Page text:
The cluster of chairs positioned near Desmond Watson’s hospital bed is a symbol of defiance to all who enter here. With their legs tied together and seats facing, the chairs are arranged into a makeshift cot from which his wife, Maria, has a constant vantage point.
For more than 1,000 nights, she has forgone the comforts of home to rest her hunched, 87-year-old body on whatever surface is available near Desmond — cushions, a couch, and now a bed of chairs where she sleeps propped up each night, her head leaning back against the wall.
All the while, her dying husband of 71 years has remained in the fetal position, largely silent, each breath pushed into his lungs through tubes, his mind oblivious to the mounting human drama unfolding around him.
Maria’s protective vigil isn’t merely a buffer against the dementia and disease that have devastated Desmond’s 89-year-old mind and body. It’s also a defence against medical staff at Oakville-Trafalgar Memorial Hospital, who she fears are intent to let him die.
“I’m scared to leave him,” she says. “From the minute he arrived here, they’ve wanted to kill him. I refuse. But they keep on pressuring me to let him go. So I keep one eye open every minute.”
In a written statement, hospital officials dispute the allegation.
“The health-care team has always endeavoured to provide care in accordance with the understood values, wants and wishes of the patient,” it says. “Mrs. Watson is vigilant in monitoring her husband’s condition and the care provided to him. However, the care provided by the physicians and hospital does not depend on her vigilance.”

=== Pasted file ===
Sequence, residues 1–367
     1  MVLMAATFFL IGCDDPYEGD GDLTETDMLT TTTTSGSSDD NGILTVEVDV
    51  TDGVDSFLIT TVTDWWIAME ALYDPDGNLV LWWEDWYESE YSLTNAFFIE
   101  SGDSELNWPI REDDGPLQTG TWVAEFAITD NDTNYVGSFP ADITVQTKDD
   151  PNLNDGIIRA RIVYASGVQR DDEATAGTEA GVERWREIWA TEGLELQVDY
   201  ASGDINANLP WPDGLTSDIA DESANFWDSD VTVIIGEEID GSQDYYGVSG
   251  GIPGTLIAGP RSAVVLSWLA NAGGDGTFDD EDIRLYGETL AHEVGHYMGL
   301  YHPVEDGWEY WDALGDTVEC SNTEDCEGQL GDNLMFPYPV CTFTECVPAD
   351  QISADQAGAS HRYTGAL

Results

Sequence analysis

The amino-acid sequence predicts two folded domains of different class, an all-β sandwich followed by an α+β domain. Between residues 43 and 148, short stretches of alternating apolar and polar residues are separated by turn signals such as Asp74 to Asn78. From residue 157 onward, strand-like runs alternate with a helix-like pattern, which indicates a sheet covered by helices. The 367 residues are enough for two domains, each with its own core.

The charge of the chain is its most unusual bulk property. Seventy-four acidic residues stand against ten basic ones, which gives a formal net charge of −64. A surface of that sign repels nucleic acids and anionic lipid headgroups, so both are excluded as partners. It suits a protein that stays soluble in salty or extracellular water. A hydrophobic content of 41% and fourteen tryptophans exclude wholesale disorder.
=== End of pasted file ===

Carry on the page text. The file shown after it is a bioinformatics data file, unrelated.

Physicians who pass Maria’s improvised bed each day and tend to Desmond’s ailments see a man suffering at an “end state of life,” say documents obtained by the Star.
Last year, before a provincial mediation body, those doctors challenged Maria’s demands for heroic, life-sustaining care, arguing that aggressive treatments such as ventilation, oxygen tubes and emergency cardiopulmonary resuscitation were no longer justified.
“(He shows) no indication of cognition or understanding,” says a July assessment of his condition. “(He) . . . is unable to communicate or show emotion or response . . . There is no realistic opportunity for improvement.”